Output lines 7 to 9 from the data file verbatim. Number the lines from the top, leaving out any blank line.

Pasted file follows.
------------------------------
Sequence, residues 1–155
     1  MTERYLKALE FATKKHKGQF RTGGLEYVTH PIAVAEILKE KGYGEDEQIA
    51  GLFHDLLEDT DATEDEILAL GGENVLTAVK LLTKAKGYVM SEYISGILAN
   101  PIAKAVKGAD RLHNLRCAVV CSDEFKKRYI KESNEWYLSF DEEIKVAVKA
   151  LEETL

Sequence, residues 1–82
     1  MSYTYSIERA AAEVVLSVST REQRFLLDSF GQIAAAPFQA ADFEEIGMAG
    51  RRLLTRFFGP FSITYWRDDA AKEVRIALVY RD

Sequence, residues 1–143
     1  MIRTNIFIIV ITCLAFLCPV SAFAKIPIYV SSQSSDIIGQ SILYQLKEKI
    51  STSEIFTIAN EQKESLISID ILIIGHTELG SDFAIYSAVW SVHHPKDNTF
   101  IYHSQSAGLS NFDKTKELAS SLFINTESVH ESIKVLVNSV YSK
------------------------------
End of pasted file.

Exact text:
     1  MSYTYSIERA AAEVVLSVST REQRFLLDSF GQIAAAPFQA ADFEEIGMAG
    51  RRLLTRFFGP FSITYWRDDA AKEVRIALVY RD

Sequence, residues 1–143